Notes From Babel

California and the Big Flushing Sound

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I suppose it goes without saying, November 2 put California significantly closer to hitting the reset button.  It’s not been since 1932, I believe, that one party was so overwhelmingly victorious in this state’s elections—and of all elections, and of all parties, California made 2010 the year to affirm their commitment to this state’s particular off-the-rails brand of lefty Democrats.  As I tried to warn here and here, Jerry Brown will be a death blow to California’s judiciary, where it looks likely that as many as four of our Supreme Court seats will be up for grabs.  When they come up, they will be filled by the same governor who gave us the Court who actively declined to enforce the state’s death penalty laws, and who made “wrongful life” a legal cause of action in California, alone among the states in the nation.

Ed Whelan had this to say:

On the legal front, Brown’s multiple derelictions of duty as state attorney general in failing to defend California’s marriage laws should have led more directly to impeachment and disbarment than promotion. And the same Brown who appointed terrible state supreme court justices like Rose Bird three decades ago can be expected to do as poorly—or even worse—this time around.

And Steven Greenhut is spot on here:

No state is in a bigger fiscal jam than California, with its structural budget deficit and massive unfunded liabilities for well-compensated public employees. The state’s business climate is atrocious, and unemployment has topped 12 percent. Yet California voters on Tuesday not only sidestepped the national backlash against liberal Democratic policies; they declared that they want more of them.

. . . .

California is said to be a national trendsetter, but Tuesday night, it lagged behind the rest of the country. The state continues to move toward the financial precipice. It’s becoming more likely that California is, as former state librarian Kevin Starr put it, a “failed state.” For this, Golden State voters have no one to blame but themselves. I can only take comfort in H. L. Mencken’s words: “Democracy is the theory that the common people know what they want and deserve to get it good and hard.”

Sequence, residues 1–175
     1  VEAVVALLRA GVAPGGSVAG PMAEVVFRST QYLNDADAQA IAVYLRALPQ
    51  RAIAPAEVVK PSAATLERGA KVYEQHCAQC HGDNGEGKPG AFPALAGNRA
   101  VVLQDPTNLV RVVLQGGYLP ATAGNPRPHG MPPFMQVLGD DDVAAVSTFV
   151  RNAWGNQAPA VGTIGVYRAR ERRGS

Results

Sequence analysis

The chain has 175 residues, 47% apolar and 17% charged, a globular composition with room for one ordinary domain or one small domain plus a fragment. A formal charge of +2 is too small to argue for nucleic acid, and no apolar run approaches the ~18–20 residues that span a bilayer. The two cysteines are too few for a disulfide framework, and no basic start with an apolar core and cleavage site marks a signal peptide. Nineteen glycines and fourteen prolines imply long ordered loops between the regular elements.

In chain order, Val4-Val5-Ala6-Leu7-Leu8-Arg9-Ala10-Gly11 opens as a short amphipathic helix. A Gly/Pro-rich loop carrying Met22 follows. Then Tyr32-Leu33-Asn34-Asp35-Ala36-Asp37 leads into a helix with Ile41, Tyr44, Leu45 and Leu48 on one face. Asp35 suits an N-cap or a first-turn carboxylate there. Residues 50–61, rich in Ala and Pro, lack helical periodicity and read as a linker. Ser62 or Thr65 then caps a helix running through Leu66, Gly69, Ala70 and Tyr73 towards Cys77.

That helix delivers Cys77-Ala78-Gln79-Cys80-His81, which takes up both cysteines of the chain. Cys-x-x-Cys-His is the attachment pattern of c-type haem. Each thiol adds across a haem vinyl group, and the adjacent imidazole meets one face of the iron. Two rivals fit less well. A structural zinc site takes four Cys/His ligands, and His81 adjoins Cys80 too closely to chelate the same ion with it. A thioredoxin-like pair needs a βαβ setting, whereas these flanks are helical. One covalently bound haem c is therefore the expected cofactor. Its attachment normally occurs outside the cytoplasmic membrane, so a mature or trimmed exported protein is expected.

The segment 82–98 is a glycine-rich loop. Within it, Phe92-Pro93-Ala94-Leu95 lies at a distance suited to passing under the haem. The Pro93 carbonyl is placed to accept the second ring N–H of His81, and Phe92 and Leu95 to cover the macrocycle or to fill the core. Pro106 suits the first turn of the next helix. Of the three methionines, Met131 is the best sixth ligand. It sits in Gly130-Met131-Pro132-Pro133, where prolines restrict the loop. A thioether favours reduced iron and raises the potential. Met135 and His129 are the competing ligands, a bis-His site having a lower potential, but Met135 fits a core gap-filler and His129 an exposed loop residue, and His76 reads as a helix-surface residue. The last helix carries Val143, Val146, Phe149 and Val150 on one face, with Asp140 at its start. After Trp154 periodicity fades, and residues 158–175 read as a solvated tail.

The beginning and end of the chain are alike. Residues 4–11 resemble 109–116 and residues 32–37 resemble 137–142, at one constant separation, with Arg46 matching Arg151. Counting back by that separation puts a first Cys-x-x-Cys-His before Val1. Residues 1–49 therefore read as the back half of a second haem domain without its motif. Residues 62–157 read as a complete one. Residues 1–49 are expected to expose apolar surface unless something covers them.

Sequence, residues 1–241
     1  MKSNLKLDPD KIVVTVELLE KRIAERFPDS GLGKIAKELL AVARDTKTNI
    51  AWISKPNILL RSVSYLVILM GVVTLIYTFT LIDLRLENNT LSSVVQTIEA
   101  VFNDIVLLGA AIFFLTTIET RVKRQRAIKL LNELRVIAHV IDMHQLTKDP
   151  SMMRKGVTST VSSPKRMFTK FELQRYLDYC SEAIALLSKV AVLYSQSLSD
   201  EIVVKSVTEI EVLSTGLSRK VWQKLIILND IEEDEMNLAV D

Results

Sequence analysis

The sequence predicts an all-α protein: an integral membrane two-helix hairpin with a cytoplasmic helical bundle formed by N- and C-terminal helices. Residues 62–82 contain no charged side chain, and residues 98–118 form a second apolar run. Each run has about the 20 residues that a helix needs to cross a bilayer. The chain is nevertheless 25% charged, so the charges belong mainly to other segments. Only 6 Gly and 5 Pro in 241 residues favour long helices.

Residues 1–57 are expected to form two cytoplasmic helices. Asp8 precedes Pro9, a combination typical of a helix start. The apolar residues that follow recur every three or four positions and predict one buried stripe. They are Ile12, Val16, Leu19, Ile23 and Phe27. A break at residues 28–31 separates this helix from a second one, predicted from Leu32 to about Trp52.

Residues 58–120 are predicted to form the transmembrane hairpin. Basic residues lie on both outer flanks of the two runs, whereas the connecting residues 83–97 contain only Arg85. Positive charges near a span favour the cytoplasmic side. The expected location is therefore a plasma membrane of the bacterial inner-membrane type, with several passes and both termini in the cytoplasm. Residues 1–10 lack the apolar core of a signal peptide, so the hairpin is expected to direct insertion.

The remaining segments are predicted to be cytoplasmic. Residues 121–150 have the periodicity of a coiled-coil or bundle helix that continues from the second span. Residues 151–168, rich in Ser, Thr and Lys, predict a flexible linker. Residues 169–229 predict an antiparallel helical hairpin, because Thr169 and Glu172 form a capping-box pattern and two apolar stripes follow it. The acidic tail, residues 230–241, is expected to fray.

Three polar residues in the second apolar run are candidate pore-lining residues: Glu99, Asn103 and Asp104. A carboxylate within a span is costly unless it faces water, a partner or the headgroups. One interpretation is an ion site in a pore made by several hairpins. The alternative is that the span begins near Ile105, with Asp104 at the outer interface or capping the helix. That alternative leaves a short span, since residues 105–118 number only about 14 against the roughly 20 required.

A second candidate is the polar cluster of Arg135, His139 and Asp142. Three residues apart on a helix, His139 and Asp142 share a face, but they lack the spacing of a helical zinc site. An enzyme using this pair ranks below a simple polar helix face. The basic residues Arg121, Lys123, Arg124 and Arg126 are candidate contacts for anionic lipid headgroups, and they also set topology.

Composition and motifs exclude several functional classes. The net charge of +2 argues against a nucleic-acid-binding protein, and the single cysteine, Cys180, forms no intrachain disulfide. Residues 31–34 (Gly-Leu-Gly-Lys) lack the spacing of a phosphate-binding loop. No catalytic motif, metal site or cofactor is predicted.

How does one explain this commitment to the policies that are so obviously suffocating us?  Professor Mondo recently solicited feedback  about “adulthood” and “childishness” in political ideologies.  At the risk of sounding undignified, I think there is a genuine claim that the leftovers of the 60s liberal movement, at least, smacks of what can probably fairly be called youthful idealism.  And because the 60s were so iconic and indelible, the ideology of that era tends to grip the imagination of ex-hippies to this day.

The night ObamaCare passed, I had myself a rant about our beloved parents’ generation who, after enjoying what was then still a largely unregulated and undeveloped America and plucking opportunity from her branches heavy with fruit, are now working furiously to rope off those orchards from their children’s generation through stifling environmental and economic regulations. For what purpose? Probably because the only place such a beatific vision of humanity could ever survive is in government. And that vision, activated by power, allows boomers to bask in a nostalgic stupor: green regulations keep land undeveloped to keep things looking like it did back in the 50s; economic regulations insulate familiar though inefficient businesses from their own natural mortality; profligate unions keep treating the mediocre among us to homeownership, a relic of a time when American economic power was at its height (and regulatory costs of development were substantially lower than today); and socialized medicine and reverse mortgages and fat pensions ensure they all get to keep us from changing the channel a few more years while they chew on the pith and pips of America’s former glory.

Let’s hope California’s not still the nation’s trendsetter.

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Written by Tim Kowal

November 18, 2010 at 10:59 pm

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